The shout heard round the livingroom: those blasting TV commercials

ROBERT FULFORD January 26 1963

The shout heard round the livingroom: those blasting TV commercials

ROBERT FULFORD January 26 1963

The shout heard round the livingroom: those blasting TV commercials




MOST TV WATCHERS probably decided long ago that the commercials on television are much louder than the programs. The evidence of my own ears seems conclusive to me: when Perry Como fades off the screen and an advertising pitchman flashes on, the sound fairly blasts out of the set, frightening dogs and children for yards in all directions. This makes TV viewing much less pleasant than it would be otherwise. Confronted with this evidence, you can easily begin imagining that the TV stations have a little man — called a Network Commercial Boomer, maybe — who turns up the volume knob at the station whenever the real business of TV, the commercial, is starting.

The television people have explained frequently that this isn’t true. A station’s sound equipment, they’ve pointed out, can operate only within a given range of intensity, and to change this from minute to minute would violently distort the words and music broadcast.

But then, there must be some reason. To explore the question 1 recently hired an audio engineer and some equipment: a standard volume unit, of the kind radio and TV stations use in their control booths, and a graphic level recorder, which shows changes in sound intensity on a piece of moving paper.

We tuned these devices to CBLT, the CBC’s loronto television station, for one evening in December. What we discovered is what TV sound engineers have known all along: that the loudest commercial, at its loudest point, is no louder than the loudest point in a drama or musical program. Gunshots, door slams, and orchestral crescendos broadcast in the course of TV entertainment often reach the same peaks the commercials reach. Indeed, a shot is noisier than the sound in most commercials.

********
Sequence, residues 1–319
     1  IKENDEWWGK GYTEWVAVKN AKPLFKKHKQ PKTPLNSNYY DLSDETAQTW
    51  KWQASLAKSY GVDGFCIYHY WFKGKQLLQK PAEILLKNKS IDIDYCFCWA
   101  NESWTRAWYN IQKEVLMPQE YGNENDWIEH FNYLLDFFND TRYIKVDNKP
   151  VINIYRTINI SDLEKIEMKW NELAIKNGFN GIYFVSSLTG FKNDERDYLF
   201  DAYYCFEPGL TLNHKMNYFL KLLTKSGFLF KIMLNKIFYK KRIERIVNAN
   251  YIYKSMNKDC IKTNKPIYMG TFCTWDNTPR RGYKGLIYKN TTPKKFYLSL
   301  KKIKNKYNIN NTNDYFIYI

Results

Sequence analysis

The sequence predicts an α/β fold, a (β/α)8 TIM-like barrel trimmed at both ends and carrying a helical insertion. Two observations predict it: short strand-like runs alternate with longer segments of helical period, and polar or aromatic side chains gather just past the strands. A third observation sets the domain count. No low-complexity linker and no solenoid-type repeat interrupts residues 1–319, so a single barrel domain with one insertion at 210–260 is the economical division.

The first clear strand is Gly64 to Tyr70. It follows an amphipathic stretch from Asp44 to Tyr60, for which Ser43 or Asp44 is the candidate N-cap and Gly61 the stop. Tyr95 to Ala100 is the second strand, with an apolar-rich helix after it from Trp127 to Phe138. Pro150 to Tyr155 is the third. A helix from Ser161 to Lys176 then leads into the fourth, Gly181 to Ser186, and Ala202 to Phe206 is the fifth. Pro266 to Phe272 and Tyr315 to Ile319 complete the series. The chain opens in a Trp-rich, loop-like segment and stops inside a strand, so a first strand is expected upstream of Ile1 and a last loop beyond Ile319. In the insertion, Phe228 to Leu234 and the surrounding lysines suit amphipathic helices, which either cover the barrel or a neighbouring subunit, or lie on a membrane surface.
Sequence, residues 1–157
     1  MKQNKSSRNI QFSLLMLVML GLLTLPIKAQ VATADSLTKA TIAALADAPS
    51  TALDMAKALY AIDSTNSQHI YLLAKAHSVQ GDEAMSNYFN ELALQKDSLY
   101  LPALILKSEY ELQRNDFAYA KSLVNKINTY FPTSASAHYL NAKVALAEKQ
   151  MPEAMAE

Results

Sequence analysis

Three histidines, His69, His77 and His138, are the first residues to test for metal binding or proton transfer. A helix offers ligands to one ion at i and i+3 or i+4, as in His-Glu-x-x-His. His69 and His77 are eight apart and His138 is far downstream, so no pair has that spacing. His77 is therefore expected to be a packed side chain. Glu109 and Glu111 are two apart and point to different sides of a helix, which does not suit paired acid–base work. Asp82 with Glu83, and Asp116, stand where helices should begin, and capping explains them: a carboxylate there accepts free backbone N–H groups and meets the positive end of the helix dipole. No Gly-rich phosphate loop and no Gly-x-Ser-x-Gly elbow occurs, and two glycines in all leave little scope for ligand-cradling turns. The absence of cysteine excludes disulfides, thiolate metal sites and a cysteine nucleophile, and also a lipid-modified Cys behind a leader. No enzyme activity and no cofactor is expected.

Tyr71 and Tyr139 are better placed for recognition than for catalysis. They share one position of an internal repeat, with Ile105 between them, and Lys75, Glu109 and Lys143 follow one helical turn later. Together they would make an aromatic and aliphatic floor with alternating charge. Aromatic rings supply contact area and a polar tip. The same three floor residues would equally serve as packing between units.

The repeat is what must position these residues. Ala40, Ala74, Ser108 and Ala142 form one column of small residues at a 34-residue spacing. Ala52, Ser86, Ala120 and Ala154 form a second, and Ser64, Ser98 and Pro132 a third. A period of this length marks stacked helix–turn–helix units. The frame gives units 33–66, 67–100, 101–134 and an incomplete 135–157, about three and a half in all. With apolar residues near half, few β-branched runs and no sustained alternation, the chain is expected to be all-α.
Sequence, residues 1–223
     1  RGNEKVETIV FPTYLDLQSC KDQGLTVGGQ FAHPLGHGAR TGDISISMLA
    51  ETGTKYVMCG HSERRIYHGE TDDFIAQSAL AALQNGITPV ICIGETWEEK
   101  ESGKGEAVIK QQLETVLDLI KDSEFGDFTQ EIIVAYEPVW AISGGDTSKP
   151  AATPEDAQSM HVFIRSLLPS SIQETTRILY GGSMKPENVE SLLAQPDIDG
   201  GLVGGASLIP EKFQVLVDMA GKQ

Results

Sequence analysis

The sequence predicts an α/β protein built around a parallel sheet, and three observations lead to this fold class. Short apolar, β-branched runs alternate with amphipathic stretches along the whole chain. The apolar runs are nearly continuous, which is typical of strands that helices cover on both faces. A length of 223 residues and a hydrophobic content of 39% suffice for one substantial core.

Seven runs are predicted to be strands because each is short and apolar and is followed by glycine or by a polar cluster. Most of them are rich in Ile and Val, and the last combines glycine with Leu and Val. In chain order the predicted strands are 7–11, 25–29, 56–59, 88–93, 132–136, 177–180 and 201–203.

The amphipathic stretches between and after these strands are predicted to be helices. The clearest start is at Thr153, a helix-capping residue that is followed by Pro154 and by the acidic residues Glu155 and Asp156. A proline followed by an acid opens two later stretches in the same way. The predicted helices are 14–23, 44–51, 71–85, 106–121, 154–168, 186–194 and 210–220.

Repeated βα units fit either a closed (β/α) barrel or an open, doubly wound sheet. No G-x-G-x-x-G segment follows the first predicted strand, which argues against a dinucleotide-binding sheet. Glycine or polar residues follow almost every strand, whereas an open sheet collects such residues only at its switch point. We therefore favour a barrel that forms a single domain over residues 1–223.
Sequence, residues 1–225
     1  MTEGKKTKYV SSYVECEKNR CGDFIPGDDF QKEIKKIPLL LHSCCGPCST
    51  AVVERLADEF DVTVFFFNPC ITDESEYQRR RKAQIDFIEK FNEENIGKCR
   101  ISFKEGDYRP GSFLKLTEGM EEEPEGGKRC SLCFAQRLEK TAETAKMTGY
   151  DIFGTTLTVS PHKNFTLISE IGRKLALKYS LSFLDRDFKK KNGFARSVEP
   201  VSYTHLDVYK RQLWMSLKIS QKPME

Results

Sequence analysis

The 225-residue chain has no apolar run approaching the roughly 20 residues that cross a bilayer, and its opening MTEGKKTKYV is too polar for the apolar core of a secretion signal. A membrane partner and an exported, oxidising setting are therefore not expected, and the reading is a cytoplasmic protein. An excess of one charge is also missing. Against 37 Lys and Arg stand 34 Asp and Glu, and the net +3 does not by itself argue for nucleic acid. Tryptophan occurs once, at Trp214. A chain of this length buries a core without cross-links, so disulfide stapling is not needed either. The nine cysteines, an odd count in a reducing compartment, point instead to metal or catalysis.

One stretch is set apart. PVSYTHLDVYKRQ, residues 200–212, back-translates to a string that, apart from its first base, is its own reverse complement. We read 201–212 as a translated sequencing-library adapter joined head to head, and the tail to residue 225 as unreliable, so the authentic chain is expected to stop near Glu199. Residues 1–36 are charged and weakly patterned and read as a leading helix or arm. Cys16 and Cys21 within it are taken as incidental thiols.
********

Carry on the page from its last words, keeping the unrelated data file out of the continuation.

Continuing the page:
The difference is that the entertainment is recorded in the full dynamic range of the equipment while the commercials often are recorded in an artificially compressed or limitai range. In many commercials, all the sound occurs in the top half of the range. This builds up the intensity of the sound and gives a sustained impression of loudness. It produces an irritating, unvaried sound, approaching the sounds of a whining PA system or q stuck auto horn. Drama, conversation and music, on the other hand, vary between very loud and very soft, much as sounds do in real life.

The illustrations, w'hich show sections of the paper from the graphic level recorder, demonstrate how the system works. On this graph. O is the highest possible volume, the point at

which distortion would occur. The figures below O are in decibels, showing the levels below the maximum reached by the various sounds.

Now: the Teem commercial, which came at a station break, had the effect (to my ears) of being louder than the material before and after it. As you can see, it was recorded within a range of about 20 decibels below the maximum sound possible. The conversation between Bobby Rydcll and Tommy Ambrose, which follow'ed the Teem commercial, ranged over 30-odd decibels below the maximum, which is as close to natural sound as the engineers can make rt.

The other example is part of a loud passage from a Texaco commercial. It is recorded over a wider range — it goes as much as 25 decibels below' the maximum — but it is still limited. Beside it is a passage of narration by lack Webb, which came shortly after. Here the full dynamic range is used. (The lines going straight to the bottom indicate silent pauses.) The narration is relaxed and varied; the commercial is insistent and demanding.